Should children with mental health issues be incarcerated, or should they be given proper access to mental health treatment?
In Kentucky specifically, 7 out of 10 youth involved with the juvenile justice system have a mental health condition. The National Juvenile Justice Network (NJJN) recently released a new graphic (below) covering the mental health to incarceration pipeline so let’s take a look at how mental health and incarceration go hand in hand.
Currently 1 in every 5 children in the U.S. between the ages of 3 to 17 have a mental health diagnosis and of those, 70 to 80 percent of youth who need mental health services don’t receive them. This can be due to numerous things including a shortage of providers, lack of affordable care, lack of community-based services, and negative stigmas surrounding mental health. Additionally, there are racial barriers to access that prevent youth of color from accessing the care that they need, including lack of access to quality care, provider discrimination, social stigmas about mental health, distrust in the health care system, and a lack of cultural understanding by health care providers.
Children having access to proper mental health care is essential to their overall success and well-being. Too often we criminalize youth due to their unmet mental health needs. The lack of access to services, school police officers without appropriate training, and harsh zero tolerance policies lead to this criminalization of mental health among youth.
So why are we criminalizing unmet mental health needs and continuing to promote unhealthy stigmas rather than implementing methods to ensure children are getting the adequate services that they need? And what are some actions that we can take to solve this issue?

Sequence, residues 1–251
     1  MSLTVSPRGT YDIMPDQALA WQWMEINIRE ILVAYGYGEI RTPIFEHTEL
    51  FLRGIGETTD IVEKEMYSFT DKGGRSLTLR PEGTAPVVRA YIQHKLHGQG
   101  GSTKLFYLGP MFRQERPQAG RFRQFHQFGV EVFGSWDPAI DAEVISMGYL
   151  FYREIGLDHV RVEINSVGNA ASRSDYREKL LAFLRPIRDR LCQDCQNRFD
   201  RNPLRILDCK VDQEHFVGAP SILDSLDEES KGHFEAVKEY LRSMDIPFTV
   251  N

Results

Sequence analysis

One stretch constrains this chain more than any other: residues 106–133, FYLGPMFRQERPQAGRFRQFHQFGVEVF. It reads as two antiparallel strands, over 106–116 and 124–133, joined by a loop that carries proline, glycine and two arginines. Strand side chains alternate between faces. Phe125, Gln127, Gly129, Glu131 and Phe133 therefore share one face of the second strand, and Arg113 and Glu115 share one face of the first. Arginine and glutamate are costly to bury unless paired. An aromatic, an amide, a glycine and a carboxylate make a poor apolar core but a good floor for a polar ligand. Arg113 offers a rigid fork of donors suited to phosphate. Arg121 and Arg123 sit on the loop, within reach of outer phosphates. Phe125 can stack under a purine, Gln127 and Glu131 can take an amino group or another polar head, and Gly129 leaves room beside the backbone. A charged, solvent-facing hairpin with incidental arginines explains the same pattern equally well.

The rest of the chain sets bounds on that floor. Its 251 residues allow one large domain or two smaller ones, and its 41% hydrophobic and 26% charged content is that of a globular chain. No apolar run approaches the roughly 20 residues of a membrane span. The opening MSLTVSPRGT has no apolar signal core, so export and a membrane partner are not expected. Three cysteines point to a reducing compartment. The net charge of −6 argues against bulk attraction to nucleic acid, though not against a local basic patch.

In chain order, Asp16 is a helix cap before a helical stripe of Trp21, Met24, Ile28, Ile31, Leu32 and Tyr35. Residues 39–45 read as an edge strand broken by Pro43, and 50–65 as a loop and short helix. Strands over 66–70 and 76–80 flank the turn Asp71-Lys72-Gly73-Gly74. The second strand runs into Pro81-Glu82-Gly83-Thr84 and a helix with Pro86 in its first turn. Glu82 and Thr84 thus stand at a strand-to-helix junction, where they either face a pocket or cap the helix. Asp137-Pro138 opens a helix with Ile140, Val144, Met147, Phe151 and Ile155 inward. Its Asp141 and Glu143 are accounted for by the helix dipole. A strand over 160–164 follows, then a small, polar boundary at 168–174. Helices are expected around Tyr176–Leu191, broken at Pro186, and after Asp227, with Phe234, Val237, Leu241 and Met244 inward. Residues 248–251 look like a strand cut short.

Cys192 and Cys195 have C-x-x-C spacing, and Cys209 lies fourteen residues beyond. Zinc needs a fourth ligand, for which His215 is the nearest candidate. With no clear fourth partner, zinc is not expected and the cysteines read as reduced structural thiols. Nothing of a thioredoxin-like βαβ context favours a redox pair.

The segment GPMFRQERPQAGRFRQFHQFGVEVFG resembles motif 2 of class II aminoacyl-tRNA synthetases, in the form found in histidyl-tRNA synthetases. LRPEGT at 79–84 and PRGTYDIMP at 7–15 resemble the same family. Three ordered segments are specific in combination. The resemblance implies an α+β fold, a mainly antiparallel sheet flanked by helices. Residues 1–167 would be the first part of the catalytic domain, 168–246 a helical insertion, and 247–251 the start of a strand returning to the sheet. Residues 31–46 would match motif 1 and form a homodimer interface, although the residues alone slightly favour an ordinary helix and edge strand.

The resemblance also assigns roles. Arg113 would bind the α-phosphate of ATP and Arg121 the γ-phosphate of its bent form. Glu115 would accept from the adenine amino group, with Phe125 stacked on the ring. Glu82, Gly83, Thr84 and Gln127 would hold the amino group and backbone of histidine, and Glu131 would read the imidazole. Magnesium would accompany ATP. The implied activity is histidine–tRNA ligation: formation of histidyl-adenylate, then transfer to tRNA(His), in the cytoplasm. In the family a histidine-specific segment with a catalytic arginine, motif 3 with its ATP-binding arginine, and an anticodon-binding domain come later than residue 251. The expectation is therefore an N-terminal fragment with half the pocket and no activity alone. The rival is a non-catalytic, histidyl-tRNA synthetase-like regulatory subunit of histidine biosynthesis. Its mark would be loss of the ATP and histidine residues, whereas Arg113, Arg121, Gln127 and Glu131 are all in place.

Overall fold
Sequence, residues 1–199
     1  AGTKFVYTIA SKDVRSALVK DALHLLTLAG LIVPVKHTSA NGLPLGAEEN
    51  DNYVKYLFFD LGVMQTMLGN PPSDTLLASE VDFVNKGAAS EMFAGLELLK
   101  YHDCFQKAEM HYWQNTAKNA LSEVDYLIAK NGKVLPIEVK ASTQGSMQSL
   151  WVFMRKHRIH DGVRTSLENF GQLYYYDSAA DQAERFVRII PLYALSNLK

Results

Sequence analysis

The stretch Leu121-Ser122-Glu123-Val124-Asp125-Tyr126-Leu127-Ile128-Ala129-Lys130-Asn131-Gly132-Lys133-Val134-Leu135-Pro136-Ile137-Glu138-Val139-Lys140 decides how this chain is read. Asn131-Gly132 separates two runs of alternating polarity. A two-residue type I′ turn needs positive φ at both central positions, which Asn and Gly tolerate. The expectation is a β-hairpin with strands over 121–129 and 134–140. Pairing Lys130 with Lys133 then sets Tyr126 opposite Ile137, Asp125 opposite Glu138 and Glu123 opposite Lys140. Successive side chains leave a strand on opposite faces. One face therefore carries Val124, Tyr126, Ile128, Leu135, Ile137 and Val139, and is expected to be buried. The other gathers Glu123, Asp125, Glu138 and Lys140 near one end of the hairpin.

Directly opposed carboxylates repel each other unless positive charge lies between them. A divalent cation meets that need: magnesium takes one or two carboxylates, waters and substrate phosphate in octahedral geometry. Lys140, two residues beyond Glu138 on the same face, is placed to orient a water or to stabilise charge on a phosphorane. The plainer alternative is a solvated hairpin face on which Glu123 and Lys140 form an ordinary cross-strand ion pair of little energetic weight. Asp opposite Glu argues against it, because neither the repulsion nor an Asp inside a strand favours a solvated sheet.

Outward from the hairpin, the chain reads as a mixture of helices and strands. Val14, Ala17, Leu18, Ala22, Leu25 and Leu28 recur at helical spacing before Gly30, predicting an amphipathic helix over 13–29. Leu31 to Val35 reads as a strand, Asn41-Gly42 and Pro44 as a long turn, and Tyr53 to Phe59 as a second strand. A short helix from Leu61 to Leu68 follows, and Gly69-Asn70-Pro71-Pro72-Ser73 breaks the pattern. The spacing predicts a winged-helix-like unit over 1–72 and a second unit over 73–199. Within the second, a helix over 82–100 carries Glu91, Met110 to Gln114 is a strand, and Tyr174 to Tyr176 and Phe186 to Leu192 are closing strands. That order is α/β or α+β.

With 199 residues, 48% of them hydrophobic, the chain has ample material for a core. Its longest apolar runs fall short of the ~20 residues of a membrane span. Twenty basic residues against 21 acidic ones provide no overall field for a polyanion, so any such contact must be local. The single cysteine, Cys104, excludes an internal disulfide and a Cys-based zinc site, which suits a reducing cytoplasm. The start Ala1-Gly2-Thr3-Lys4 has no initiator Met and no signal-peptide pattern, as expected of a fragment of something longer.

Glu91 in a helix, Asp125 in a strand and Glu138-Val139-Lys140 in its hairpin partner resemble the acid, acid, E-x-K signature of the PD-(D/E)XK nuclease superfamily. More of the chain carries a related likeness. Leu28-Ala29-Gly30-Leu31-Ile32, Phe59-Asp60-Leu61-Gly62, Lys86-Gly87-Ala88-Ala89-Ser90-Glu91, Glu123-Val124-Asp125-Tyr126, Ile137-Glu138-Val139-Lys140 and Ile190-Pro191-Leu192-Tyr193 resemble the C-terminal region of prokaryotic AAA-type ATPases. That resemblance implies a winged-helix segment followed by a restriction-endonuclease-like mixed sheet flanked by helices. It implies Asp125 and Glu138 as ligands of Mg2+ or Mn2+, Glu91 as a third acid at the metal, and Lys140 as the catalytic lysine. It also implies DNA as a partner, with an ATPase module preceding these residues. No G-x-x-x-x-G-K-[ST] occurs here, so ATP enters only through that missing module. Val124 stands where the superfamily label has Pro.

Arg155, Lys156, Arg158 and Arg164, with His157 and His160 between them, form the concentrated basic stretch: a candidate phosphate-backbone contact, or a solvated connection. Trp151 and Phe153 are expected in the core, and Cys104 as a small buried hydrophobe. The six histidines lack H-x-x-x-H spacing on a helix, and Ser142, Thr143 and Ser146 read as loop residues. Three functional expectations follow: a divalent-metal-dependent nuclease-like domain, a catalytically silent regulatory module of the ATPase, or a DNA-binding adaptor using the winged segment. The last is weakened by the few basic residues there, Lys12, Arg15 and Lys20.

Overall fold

NJJN recommends the following solutions:
- Address root causes such as housing insecurity, food insecurity, trauma, stigmas surrounding mental health, and the need for early detection.
- Stop criminalizing youth by removing police from schools, ending zero tolerance policies, and not criminalizing disorderly conduct, willful defiance, and vulgarity, as well as raising the minimum age for youth prosecution.
- Fund care that is culturally and linguistically responsive, community-based, trauma-informed, and voluntary.
- Divert children from the legal system by promptly screening and assessing youth for mental health challenges, and divert kids to appropriate community-based services.
We want Kentucky’s kids to have the best and brightest futures possible. Each child deserves to thrive in the environment that they exist in. After all, these are the future leaders of our country! Brighter futures for Kentucky’s kids require action.
Check out NJJN’s policy platform and full list of recommendations here to ensure youth with mental health challenges are protected and supported with healing and trauma-informed care. You can also contact your elected leaders to let them know why it is essential to support our youth in Kentucky with mental health challenges and work to end the mental health-to-incarceration pipeline.
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